I knew little about the source of my sister’s anger at W’s appearance. W had been unwilling to communicate with my mother for decades. After receiving Remembrances, I called my sister, who is much older than I am and continued to live close to our mother, to ask what she knew about the disruption between W and our mother.
“W and K [another of the siblings] were farming with grandpa and grandma,” my sister said. “Grandpa and grandma wanted to reinvest the earnings back in the farm. W and K didn’t—they wanted to spend the money.” W and K would then have been young men in their twenties or early thirties. Investing in a farm with their retirement age parents must not have been what they wanted. “Mom and dad got involved in the disagreement,” my sister said. “They sided with grandpa and grandma.” Then with telling hesitations, she said, “Dad . . . even though he never said much . . . you know the things he could say when . . . I think he got into it with W.” This must have been in the late 1940s or early 1950s.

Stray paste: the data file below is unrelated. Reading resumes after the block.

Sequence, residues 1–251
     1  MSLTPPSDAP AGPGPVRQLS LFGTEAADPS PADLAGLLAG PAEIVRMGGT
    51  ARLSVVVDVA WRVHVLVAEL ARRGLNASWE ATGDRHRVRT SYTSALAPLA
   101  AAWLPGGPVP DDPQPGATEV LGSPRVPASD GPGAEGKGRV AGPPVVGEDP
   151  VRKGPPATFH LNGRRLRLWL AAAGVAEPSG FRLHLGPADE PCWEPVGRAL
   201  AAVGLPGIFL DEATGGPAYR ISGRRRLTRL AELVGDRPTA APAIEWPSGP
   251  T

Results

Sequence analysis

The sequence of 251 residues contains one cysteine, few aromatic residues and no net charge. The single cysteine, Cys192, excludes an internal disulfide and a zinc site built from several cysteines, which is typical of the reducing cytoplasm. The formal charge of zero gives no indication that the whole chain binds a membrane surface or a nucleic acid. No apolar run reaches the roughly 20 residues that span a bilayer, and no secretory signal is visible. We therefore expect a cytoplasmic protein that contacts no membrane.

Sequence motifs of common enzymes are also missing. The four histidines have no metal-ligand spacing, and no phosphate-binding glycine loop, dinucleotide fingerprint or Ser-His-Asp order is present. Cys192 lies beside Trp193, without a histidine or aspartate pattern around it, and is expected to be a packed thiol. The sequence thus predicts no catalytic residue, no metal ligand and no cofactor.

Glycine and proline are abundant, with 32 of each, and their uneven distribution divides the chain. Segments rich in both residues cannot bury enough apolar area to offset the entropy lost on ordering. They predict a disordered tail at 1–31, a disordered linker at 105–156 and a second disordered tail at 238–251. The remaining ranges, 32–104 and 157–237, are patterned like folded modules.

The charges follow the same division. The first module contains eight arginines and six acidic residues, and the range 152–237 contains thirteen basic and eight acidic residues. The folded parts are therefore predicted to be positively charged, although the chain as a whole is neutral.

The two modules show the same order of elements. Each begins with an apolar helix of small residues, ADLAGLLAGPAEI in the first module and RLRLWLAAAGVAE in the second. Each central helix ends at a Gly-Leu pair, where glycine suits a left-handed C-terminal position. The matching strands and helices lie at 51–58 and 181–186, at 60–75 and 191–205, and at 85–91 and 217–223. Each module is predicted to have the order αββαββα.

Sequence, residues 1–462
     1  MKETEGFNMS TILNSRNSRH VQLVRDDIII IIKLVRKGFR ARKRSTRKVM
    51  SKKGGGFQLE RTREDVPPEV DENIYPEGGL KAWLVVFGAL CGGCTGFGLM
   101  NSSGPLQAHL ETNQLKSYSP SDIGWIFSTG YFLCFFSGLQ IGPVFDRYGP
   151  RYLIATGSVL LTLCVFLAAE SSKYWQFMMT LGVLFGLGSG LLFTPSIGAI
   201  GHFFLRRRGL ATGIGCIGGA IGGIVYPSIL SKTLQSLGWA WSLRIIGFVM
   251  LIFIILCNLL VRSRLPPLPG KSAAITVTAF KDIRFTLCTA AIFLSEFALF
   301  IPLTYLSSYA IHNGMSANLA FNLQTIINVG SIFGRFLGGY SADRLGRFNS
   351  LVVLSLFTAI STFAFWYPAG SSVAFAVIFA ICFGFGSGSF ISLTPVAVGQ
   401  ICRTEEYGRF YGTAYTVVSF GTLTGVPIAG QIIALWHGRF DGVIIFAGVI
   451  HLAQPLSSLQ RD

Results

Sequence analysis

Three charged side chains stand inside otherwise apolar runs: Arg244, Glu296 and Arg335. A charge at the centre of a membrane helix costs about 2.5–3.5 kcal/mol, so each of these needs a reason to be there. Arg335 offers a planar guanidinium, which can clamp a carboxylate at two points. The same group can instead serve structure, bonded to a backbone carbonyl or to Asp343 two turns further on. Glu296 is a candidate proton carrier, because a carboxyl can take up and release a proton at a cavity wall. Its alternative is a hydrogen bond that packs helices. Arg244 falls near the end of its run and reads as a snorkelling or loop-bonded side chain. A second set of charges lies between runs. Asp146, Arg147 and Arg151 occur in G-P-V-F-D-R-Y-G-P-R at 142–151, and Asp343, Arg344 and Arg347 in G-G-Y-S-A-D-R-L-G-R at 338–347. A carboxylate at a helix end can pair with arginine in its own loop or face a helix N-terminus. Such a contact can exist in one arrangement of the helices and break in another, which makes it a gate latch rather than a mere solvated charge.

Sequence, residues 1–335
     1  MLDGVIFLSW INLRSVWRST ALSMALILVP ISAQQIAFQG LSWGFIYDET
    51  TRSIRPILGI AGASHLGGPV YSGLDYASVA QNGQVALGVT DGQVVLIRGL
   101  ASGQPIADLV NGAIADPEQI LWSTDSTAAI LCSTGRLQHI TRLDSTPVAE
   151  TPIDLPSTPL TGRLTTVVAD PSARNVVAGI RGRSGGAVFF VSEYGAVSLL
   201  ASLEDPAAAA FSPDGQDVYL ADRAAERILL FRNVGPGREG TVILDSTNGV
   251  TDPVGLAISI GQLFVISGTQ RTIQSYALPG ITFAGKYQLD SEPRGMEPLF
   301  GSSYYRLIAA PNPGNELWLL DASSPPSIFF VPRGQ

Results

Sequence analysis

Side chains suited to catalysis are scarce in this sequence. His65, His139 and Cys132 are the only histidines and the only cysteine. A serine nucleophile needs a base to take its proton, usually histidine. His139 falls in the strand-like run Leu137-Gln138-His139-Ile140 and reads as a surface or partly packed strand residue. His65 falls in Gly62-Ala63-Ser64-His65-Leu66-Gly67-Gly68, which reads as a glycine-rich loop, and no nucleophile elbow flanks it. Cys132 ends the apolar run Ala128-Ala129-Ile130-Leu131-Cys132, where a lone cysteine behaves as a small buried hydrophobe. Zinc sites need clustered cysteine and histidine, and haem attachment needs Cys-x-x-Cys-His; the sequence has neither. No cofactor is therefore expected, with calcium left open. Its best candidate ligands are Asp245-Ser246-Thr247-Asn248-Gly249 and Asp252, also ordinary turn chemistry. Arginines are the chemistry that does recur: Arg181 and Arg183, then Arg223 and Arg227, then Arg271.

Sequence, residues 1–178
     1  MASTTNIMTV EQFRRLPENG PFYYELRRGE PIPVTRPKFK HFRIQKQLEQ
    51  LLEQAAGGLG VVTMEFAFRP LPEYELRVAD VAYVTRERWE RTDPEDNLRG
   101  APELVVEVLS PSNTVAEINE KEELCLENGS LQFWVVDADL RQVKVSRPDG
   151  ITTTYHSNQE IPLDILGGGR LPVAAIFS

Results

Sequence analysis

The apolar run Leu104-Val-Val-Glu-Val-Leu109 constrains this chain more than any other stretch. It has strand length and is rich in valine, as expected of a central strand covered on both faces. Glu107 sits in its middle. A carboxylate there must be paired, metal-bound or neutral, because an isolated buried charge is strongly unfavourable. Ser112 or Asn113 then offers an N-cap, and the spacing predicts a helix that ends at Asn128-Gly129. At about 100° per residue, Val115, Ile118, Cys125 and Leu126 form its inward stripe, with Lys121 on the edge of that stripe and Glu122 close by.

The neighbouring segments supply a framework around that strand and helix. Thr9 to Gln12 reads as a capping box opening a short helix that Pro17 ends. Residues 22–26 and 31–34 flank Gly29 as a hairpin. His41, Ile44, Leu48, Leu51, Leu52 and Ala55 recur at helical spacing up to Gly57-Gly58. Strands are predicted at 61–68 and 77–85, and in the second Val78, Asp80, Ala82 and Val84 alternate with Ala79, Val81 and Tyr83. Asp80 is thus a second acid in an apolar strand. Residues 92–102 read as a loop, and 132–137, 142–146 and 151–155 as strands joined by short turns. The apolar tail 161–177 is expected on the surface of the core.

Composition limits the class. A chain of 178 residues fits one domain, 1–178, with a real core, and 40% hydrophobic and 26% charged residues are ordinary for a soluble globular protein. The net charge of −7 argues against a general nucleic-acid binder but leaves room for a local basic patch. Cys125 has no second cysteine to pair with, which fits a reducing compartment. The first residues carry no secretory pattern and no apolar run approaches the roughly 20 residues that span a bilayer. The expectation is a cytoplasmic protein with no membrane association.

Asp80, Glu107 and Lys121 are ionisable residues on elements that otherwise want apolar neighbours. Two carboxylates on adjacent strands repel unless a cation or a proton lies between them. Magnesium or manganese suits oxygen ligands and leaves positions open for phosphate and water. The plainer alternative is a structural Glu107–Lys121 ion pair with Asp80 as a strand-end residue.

It was only at family funerals that my mother encountered W. At their sister R’s funeral in 1985, my mother said, “I’m going to try to make it up with him.” She walked slowly and unevenly to him. “W,” mother said, “I have a photograph I bet you’d really like see.” W turned away, stepped away without speaking to her.
When their sister A died in 1998, my mother paid her respects the day before the funeral. She told A’s children that she wouldn’t go to the funeral. It was very difficult for her to get around, she said, but she remained deeply hurt by W and didn’t want to see him.